Viewing 25 posts - 1 through 25 (of 25 total)
  • How do I fix this? White ring on oak furniture
  • dmorts
    Full Member

    A spilt drink (G&T) has resulted in a white ring appearing on the top our oak table

    I think what’s happened is the oil/wax that was on the table has been disolved by the liquid. I don’t think the wood itself is stained.

    What can I do to fix it? The table probably needs oiling all over but I’m looking to preserve the matte finish. I’ve looked at Danish oil but this seems to give quite a glossy finish.

    midlifecrashes
    Full Member

    I believe the modern solution is to use that part of the table for your fancy new Apple Home Pod speaker.

    http://metro.co.uk/2018/02/15/apple-homepod-leaves-nasty-white-ring-death-stain-owners-tables-7314706/

    stuey
    Free Member

    wire wool + furniture wax?

    jamesoz
    Full Member

    A towell and a steam iron worked well when we left cup rings all over the furniture  at a holiday let. Basically iron the towel on top of the stain with a few squirts of steam.

    Three_Fish
    Free Member

    The ring is caused by moisture being released from the wood and staining the lacquer from the underside. I use an iron/damp cloth to remove dents from untreated wood, not sure I’d be happy doing it to lacquered wood as it might just leave an iron-shaped mark as per explanation above. I suspect jamesoz just got (very) lucky!

    kayak23
    Full Member

    Danish oil doesn’t really give a gloss finish. It can give a sheen I find if the excess is rubbed back vigorously. When it’s hardened, you can knock back the sheen with one of those green kitchen scourer mat things, without scratching.

    I’d probably sand that all back a bit and then re oil it to try to even the colours a bit.

    onandon
    Free Member

    Rub a walnut on it. ( obviously one taken out of the shell )

    drlex
    Free Member

    European or African?

    pitduck
    Free Member

    rub a walnut on it, true works well on oak…

    coconut
    Free Member

    Iron and towel will work, nice and slow. Draws the moisture out the wood.

    dmorts
    Full Member

    So, the consensus is this is moisture under the finish

    This is different to what I initially thought, i.e. alcohol dissolving the finish. But most if not all white rings I see other people have posted online are caused by moisture under the finish, so on balance this seems like the answer. It’s just that it was a particularly strong G&T….I will try the iron method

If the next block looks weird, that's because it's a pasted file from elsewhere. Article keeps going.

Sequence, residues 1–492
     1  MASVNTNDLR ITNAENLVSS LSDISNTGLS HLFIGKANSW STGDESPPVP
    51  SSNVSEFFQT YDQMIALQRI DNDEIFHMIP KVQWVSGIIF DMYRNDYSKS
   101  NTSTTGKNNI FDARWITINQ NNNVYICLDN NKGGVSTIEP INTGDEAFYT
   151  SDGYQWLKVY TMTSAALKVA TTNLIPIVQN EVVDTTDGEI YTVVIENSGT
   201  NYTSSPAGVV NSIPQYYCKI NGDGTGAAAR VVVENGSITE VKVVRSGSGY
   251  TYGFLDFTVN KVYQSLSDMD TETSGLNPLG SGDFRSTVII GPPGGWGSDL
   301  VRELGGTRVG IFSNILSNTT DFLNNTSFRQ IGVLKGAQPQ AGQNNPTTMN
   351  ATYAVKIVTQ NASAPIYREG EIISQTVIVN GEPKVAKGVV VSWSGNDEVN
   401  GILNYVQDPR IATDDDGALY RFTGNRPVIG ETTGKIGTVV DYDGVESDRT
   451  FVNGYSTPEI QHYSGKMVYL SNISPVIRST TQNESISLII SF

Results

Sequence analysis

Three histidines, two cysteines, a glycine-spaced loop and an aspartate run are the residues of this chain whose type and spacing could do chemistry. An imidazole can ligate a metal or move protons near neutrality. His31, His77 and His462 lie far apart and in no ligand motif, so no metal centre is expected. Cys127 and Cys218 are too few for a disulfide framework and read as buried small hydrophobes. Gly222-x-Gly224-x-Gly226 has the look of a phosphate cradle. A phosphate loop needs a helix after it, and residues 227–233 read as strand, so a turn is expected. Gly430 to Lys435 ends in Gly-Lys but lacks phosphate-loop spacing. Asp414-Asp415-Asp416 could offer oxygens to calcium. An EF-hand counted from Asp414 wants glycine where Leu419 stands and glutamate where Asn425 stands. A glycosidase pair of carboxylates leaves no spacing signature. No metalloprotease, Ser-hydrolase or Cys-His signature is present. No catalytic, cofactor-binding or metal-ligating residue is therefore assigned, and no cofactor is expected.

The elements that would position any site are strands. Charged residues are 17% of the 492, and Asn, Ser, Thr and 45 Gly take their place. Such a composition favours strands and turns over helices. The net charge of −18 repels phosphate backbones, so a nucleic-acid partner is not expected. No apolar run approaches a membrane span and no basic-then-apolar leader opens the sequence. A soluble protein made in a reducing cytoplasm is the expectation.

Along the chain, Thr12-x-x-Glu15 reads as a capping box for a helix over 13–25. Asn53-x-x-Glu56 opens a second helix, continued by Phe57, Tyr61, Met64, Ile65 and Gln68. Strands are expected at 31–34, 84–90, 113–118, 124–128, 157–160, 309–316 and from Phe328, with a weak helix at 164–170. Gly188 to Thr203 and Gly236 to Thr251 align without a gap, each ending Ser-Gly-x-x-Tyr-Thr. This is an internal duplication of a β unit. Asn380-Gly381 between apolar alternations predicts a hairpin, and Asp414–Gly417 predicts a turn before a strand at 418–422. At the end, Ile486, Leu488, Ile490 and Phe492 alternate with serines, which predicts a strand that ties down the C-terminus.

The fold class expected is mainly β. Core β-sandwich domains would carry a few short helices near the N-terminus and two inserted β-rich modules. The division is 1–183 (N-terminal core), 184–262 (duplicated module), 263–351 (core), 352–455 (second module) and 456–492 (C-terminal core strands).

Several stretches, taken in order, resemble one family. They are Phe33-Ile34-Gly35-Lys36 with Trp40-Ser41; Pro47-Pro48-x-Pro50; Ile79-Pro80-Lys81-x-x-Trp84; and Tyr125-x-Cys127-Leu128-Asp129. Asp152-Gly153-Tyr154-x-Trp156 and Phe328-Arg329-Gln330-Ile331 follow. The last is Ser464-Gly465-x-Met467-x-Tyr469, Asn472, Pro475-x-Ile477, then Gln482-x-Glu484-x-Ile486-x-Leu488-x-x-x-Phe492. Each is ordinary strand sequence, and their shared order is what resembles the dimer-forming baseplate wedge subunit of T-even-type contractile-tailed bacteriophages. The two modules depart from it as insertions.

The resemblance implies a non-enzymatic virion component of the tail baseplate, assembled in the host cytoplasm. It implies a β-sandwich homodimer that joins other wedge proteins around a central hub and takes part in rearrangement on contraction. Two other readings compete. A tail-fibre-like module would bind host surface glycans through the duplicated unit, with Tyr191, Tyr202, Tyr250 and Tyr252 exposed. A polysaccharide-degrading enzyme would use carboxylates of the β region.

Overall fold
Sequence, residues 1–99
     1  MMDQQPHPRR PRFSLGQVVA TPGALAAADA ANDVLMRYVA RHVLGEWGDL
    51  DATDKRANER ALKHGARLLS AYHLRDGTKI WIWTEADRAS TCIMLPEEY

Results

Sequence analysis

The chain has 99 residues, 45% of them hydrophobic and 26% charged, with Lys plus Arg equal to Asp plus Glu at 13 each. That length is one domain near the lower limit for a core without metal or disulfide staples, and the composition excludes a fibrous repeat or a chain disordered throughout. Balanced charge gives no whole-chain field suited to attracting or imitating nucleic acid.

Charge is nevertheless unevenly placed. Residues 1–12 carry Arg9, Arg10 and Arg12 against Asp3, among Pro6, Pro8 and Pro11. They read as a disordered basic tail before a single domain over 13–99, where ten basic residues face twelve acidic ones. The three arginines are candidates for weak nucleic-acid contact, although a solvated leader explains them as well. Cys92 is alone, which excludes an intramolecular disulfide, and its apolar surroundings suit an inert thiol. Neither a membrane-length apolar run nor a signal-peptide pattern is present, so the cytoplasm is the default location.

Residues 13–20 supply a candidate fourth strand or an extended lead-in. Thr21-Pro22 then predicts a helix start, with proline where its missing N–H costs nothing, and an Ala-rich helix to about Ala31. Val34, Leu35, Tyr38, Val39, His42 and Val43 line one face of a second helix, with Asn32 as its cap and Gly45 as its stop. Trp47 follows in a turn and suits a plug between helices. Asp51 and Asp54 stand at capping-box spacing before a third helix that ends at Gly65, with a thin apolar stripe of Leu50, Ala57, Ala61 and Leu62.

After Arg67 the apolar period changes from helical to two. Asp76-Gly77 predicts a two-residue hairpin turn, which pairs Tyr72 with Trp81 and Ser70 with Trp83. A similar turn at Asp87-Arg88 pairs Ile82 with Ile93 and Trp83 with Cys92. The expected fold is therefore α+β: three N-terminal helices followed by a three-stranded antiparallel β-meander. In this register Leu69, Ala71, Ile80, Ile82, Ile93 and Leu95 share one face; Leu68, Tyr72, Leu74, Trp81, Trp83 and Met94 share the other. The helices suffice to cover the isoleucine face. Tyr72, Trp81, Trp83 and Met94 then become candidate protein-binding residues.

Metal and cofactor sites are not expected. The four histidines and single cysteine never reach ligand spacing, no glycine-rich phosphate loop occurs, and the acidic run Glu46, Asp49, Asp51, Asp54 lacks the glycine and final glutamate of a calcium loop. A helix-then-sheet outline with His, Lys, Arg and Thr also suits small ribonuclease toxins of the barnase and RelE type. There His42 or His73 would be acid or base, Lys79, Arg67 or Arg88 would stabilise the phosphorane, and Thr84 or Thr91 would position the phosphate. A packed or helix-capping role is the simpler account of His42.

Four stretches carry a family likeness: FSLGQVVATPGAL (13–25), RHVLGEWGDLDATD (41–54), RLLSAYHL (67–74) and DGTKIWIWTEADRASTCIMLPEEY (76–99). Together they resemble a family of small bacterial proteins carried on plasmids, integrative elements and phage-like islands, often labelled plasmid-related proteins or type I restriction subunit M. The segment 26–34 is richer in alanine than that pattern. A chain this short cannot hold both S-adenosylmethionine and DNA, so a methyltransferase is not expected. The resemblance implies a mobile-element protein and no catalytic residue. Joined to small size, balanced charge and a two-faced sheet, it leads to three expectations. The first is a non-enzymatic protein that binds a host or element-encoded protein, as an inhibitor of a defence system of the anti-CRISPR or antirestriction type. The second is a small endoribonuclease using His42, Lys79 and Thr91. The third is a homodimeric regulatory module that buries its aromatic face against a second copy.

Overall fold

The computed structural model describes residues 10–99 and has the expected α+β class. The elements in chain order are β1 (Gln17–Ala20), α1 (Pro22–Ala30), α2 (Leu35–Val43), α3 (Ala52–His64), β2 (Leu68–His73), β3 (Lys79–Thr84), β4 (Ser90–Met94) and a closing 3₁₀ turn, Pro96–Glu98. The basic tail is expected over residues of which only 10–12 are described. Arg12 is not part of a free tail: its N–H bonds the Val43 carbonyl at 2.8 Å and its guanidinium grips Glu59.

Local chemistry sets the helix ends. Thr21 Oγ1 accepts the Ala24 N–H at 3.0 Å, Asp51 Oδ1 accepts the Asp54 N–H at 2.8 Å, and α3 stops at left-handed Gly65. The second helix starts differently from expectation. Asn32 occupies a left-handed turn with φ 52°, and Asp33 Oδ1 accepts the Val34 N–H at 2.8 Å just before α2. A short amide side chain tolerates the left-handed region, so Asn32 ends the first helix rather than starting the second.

The wood is finished in a way to highlight the grain and it’s not a smooth finish. Sanding would flatten this.

    If I’m successful in removing the ring with an iron, what oil finsish should I use to improve the moisture resistance?

    pitduck
    Free Member

    seriously, try the walnut first, it works!

    johndoh
    Free Member

    ^ I reckon more people will have easy access to irons and tea towels than they do to walnuts.

    mechanicaldope
    Full Member

    Not helpful but furniture that can’t cope with everyday use (i.e a spill or two) can go to hell in my book.  Surely there are finishes that allow a nice look and provide a degree of protection?  If there’s not then sod it – i’ll stick with ikea.

    dmorts
    Full Member

    There is a winner

    avdave2
    Full Member

    I reckon more people will have easy access to irons and tea towels than they do to walnuts.

    Well I often eat walnuts, several times a week but in my 52 years on earth I’ve never found use for an iron 🙂

    dove1
    Full Member

    Which method worked, dmorts?

    dmorts
    Full Member

    The winner is

    Walnut!

    dmorts
    Full Member

    I tried both methods. The iron/cloth seemed to be drawing more oil out, so tried the walnut. It was like magic!

    jeffl
    Free Member

    I’d go for Osmo top oil, gives a nice hard wearing surface but still let’s the grain show through and also keeps the texture. You can get it in a mat finish. Not sure if it likes being put on over other finishes though.

    howsyourdad1
    Free Member

    Thing is, do you respect wood OP?

    onandon
    Free Member

    Have some faith 🙂

    It has worked many times for me over the years

    kayak23
    Full Member

    Basically the oil from the walnut reinvigorates the affected area I imagine, so I expect applying Danish oil would have worked too had you not been tooled up in the walnut stakes.

    IANAWRE – I am not a walnut rubbing expert.

    phiiiiil
    Full Member

    Not helpful but furniture that can’t cope with everyday use (i.e a spill or two) can go to hell in my book.

    Even moreso when it comes to kitchen worktops… what on earth is the point of a worktop that you can’t get wet? Bugger that for a lark.

Viewing 25 posts - 1 through 25 (of 25 total)

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